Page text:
The Two Screen Social Back-Channel
Okay, I admit that the title of this theory sounds a little bit dubious, but bear with me. Robert Andrews has invented or applied this term to the insane Twitter response to the outpouring of tweets, Facebook updates and blog posts that accompany each episode of the X Factor on ITV1. He lists the following statistics related to the Jedward/Lucie Sunday night show on 15th November:
• X-Factor occupied half of Twitter’s top “trending” global topics list during Sunday’s show.
• Leading The X Factor keywords comprised at least 4.6% of all worldwide tweets during the controversial Jedward-vs-Lucie deadlock.
• @TheXFactor has 51,000+ Twitter followers and a total 1.65 million Facebook fans.
• 13,000-14,000 live comments come in via CoverItLive chat during a typical Sunday night. Together with text messages, emails and tweets, they are filtered by an editor for panelists on Holly Willoughby’s Xtra Factor show.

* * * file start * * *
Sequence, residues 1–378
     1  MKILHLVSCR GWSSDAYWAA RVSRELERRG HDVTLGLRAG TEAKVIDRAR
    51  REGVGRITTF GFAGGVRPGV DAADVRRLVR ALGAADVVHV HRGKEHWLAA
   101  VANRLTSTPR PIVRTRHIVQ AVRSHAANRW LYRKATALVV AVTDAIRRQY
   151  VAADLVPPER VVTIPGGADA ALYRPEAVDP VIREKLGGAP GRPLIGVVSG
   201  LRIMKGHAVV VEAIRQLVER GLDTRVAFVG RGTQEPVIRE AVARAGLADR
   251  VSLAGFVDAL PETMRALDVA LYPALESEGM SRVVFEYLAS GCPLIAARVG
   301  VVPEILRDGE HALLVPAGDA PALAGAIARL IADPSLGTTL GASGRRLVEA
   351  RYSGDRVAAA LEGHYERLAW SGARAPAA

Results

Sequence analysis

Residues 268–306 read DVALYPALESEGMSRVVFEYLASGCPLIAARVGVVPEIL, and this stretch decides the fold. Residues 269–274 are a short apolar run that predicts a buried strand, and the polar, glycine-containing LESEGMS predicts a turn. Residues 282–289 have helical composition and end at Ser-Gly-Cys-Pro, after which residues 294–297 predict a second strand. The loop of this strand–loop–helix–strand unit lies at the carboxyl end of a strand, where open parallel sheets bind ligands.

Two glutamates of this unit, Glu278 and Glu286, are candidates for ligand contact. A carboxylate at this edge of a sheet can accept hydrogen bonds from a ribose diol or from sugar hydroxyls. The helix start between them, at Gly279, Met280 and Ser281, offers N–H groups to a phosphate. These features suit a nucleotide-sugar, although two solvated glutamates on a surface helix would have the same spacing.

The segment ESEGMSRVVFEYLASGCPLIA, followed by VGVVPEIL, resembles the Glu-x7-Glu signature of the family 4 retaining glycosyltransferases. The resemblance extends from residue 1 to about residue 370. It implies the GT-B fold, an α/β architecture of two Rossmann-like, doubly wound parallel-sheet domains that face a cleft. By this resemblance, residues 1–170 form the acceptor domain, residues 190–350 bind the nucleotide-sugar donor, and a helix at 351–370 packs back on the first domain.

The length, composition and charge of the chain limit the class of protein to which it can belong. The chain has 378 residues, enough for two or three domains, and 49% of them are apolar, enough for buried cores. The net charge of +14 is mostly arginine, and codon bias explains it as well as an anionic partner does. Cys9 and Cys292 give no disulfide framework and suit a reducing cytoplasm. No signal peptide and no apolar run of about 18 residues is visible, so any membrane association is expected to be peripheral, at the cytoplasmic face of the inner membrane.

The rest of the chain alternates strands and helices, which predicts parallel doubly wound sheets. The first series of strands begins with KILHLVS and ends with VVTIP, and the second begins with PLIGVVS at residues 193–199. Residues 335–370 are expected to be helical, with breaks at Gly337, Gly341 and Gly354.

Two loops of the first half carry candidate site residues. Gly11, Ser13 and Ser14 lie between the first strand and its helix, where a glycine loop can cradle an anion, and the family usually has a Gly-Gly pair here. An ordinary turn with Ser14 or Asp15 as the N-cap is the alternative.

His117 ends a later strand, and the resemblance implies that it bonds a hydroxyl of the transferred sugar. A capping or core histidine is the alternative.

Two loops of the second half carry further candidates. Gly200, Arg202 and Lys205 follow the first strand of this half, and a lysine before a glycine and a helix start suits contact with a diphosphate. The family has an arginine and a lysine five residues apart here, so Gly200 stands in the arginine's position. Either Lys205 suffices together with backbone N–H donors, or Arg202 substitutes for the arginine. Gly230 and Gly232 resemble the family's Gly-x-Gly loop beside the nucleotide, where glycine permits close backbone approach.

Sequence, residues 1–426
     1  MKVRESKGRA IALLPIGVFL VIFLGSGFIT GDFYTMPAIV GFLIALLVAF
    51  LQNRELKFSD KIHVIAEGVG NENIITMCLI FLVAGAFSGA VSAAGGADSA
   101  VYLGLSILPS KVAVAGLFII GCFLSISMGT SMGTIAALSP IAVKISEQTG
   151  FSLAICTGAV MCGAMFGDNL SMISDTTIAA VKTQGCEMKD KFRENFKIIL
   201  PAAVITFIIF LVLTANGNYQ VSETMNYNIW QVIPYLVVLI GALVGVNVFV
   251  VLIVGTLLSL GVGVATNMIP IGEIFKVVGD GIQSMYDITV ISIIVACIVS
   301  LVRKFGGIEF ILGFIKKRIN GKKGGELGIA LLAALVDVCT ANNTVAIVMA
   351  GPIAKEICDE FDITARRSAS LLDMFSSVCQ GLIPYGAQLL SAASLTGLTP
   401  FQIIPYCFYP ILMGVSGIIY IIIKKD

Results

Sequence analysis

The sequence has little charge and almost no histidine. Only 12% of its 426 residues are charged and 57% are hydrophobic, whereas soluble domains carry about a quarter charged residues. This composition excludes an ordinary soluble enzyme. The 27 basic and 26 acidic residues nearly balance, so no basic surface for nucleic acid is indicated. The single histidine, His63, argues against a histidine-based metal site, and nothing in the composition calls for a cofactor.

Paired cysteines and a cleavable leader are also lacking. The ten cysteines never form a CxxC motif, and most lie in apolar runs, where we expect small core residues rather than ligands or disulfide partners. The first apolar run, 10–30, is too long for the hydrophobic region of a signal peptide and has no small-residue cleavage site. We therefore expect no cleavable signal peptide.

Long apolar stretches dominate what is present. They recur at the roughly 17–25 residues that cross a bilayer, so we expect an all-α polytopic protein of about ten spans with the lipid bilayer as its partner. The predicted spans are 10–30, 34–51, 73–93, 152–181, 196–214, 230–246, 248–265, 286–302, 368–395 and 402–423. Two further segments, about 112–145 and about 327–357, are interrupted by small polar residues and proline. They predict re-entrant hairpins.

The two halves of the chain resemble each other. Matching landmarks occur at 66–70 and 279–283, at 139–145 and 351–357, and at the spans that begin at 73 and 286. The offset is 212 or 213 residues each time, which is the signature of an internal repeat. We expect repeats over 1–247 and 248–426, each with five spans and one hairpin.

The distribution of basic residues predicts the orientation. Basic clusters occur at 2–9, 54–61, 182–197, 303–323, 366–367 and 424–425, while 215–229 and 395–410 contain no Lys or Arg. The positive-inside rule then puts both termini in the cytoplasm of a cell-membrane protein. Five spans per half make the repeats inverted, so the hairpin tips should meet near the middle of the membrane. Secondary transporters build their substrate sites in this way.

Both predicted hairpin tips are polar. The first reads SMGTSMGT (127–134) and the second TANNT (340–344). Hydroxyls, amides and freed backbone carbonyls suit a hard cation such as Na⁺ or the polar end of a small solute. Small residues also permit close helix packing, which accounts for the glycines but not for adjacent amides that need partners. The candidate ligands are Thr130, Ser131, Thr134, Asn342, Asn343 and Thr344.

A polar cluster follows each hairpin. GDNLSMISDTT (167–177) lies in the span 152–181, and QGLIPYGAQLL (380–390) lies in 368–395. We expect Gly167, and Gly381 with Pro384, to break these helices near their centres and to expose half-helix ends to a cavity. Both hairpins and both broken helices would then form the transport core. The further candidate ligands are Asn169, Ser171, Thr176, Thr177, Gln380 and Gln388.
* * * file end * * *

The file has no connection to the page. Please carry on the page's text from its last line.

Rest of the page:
• 11,000 The X Factor twibbons are being worn by tweeters’ avatars; and they have been exposed to a further 850,000 users.
All these statistics (provided by the social media editor of ITV.com, Ben Ayres) point to a new media phenomenon, argues Andrews - The Two Screen Social Back-Channel.
The theory goes that you have one screen (the TV) with your primary text on it. In the old media world you would go to work or school the next day and talk to your friends about it - the so-called “water-cooler” effect. Now, you have your second screen (laptop or mobile) visible at the same time and use this second screen to interact with others, chat and comment on the show while it is happening via social networks or forums. And this is the social back-channel.
It’s like having a very, very big living room with all your online friends in it. And Popjustice, Charlie Brooker, and Caitlin Moran.